This 8mm Film Formats Infographic explains the differences between 8mm and Super 8mm film reels, and will help you identify your home movies. When you want to transfer your 8mm to DVD, it’s important to know what you have. Costs for transferring your films are normally based on how many feet of film you have. There is usually no difference in price between 8mm with or without sound.
8mm film has larger sprocket holes when compared to Super 8mm. They are vertically oriented, and are placed between the film frames. Super 8mm films have smaller, horizontally oriented sprocket holes that are place in the middle of each frame.
If your films have sound, you will be able to see a thin gold band along one or both edges of the film. Dual tracks are more rare, though they do exist. Most films do not have stereo sound.
8mm film came in fixed reel sizes, including 3″, 4″, 5″ 6″ and 7″. Larger reels do exist, but you will rarely see home movies on such large reels. The home movie film projectors simply weren’t made for those larger formats. Some reels have increment markings that show you how many feet of film is actually contained on each reel. If not, you can estimate with the following guide:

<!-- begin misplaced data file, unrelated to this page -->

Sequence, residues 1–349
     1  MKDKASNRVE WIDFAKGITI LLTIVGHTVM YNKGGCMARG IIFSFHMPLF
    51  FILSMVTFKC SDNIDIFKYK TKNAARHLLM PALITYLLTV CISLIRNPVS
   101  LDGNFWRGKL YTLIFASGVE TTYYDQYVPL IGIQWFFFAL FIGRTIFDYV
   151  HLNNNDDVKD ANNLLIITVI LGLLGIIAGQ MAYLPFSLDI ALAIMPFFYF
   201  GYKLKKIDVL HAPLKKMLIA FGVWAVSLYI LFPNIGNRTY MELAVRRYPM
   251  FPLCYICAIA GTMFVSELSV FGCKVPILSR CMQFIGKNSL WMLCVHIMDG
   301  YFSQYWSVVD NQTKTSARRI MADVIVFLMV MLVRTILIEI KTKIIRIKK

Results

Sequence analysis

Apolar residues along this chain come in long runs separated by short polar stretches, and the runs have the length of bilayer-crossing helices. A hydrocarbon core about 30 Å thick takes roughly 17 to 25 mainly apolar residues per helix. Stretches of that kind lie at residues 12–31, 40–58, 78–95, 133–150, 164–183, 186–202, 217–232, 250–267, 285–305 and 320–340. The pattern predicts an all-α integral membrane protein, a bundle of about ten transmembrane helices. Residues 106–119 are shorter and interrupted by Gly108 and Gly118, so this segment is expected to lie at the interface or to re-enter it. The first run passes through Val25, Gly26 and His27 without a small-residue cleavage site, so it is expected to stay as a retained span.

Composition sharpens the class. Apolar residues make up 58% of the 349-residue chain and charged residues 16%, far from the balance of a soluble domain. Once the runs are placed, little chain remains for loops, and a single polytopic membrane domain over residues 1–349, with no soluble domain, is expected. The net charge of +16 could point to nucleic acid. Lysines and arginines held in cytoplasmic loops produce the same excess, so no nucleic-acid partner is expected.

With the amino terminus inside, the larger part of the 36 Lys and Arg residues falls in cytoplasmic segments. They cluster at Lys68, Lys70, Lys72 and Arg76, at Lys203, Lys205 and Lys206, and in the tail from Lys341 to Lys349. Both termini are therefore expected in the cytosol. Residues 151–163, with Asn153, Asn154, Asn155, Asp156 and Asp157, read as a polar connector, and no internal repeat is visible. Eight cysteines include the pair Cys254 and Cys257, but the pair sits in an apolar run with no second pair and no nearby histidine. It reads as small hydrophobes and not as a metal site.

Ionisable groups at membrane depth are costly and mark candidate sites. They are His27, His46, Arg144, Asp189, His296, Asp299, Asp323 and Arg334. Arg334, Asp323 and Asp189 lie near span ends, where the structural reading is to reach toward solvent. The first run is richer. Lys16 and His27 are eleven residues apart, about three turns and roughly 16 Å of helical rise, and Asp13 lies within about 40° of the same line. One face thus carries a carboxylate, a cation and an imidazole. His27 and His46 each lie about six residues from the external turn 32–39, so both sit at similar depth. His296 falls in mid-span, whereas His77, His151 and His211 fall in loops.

3″ reels hold 50′ and provide about 3:00 minutes of run time.
4″ reels hold 100′ and provide about 7:00 minutes of run time.
5″ reels hold 200′ and provide about 14:00 minutes of run time.
6″ reels hold 300′ and provide about 21:00 minutes of run time.
7″ reels hold 400′ and provide about 28:00 minutes of run time.
By far, the most common 8mm film reels are in the 3″ and 7″ sizes, followed by the 5″ size. 4″ and 6″ films are relatively rare.
Want to use this Infographic on your web site? Use the code below. Feel free to change the image width, but you must leave the link to this page intact!
Embed this Infographic: 8mm Film Formats – 8mm and Super 8mm Film Differences on Your Site: Copy and Paste the Code Below
8mm Film Formats – 8mm and Super 8mm Film Differences – An Infographic by the team at 8mm Film Identification Guide